Dr. Edward Ramirez is the medical director of Monterey Bay IVF, a women's fertility & gynecology center located in Monterey, California. He hopes to provide those who read his infertility blog with insights into the latest advances in women's health & infertility issues. He respectfully shares his knowledge as a specialist with women and men from all over the world. Visit his center at www.montereybayivf.com
I have a son via FET. I have now had three cycles of
FET total. The first did not work, the second we got my son, and this last one
worked- however I had a miscarriage at 6.5 weeks pregnant. I now have 4 embryos
left frozen and am starting my next IVF cycle. They are frozen in vials of 2
each. I am so concerned if only one survives: do I only implant only one and
pray it works, or do I thaw the last two we have and implant all 3? I obviously
want the ultimate outcome: a pregnancy.
My doctor is NO help when I ask what he recommends.I am scared to only implant one.Yet I am scared to use all of them in this
one last attempt we have.Is only
implanting one pointless? Can you give me a recommendation on what is best if
this situation were to happen on the day of transfer? The transfer is only a
couple weeks away so I am so nervous.
Thank-you so much.
S. from Illinois. Nervous mom!!!!!!!
Hello S. from the U.S. (Illinois),
Since you haven't given me your age, I can't give you
specific recommendations but will have to answer your question in more general
terms.Also, another significant piece
that would help answer the question is whether your embryos were frozen on day#3
(cleaved) or day#5 (blastocyst).
We always consider age when counseling patients on the
number to transfer because this affects the quality of the embryos and
therefore their chances of implantation.Of course, the younger you are, the higher your chances of implantation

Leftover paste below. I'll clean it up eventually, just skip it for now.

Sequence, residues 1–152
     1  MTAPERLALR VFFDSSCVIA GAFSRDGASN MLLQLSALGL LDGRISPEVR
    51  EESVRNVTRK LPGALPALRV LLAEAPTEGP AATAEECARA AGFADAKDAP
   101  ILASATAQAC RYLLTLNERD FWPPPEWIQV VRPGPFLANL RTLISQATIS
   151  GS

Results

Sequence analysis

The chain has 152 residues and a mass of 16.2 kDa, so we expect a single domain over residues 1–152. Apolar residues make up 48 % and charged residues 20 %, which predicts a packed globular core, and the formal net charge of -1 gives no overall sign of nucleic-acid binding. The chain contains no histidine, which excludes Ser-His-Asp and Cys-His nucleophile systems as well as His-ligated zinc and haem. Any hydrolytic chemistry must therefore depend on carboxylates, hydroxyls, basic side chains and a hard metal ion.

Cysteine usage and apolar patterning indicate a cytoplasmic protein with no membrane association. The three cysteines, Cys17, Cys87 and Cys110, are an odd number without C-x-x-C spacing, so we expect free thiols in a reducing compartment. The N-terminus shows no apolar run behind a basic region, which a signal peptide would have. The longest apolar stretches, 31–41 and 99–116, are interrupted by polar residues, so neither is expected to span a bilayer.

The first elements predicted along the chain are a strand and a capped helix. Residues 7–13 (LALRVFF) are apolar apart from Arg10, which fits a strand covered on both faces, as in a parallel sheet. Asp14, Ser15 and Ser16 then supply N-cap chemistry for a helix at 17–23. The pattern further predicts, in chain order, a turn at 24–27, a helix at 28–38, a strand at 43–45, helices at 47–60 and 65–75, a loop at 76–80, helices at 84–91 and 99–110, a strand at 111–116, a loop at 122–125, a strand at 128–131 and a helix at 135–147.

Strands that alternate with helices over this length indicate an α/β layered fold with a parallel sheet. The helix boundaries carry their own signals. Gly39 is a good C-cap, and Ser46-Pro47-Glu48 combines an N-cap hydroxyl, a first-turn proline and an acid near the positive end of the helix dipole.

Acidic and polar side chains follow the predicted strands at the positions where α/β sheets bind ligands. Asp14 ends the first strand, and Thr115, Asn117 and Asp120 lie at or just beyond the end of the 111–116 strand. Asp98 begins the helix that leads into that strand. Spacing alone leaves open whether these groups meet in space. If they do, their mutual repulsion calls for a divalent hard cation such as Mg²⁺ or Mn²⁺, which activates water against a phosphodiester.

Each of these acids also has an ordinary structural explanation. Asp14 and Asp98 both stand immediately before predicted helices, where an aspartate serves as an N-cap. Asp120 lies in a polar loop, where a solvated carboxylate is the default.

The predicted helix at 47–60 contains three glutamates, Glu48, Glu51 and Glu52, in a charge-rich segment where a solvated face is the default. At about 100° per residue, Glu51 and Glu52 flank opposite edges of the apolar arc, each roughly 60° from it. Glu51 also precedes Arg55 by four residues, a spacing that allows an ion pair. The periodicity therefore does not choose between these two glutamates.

and pregnancy per embryo.Because the
technology has gotten so much better over the years, pregnancy rates have gone
up and we have realized a problem; namely, an increase in multiples, especially
those over twins.As a consequence,
every IVF Physician is wary of putting to many back for fear of getting too
many in return.As a result, the
American Society for Reproductive medicine and the Society for Assisted
reproduction, its subgroup, have produced recommendations or guidelines for transfer.these of course are dependent on the age and
the stage of development.Their
recommendations are as follows:
Cleaved embryos: 35 35-3738-4040
I have my patient sign a counseling for that they have been
informed regarding these guidelines and either choose to follow them or choose
a different number.I do let my patients
decide within reason.Because you have
gotten pregnant with these embryos before, that would be an additional piece of
information making me more cautious.
So here's the decision.Unless you are over 35, I would recommend no more than 2 if they are
blastocysts.If these are cleaved
embryos, then I would recommend 2-3.But, the risk is of getting multiple implantations leading to at least
twins.With blastocysts and transferring
2, my twin rate is 56%.With cleaved and
transferring 3, my twin rate is 35%.Are
you willing to take the risk of having twins?The pregnancy is harder and there is an increased risk of fetal
loss.If you are not willing to take the
risk of twins then you would only transfer 1 no matter what stage.If you are not willing to take the risk of
triplets, then you would not transfer more than 2.I do not recommend triplets.The fetal loss rate can be as high as
50%.The down side of transferring less
than 2 is a decrease in pregnancy rates per cycle, but not necessarily over
all.It make take more attempts to get
pregnant doing single embryo transfer.
I hope this gives you the information you needed to help
with the decision.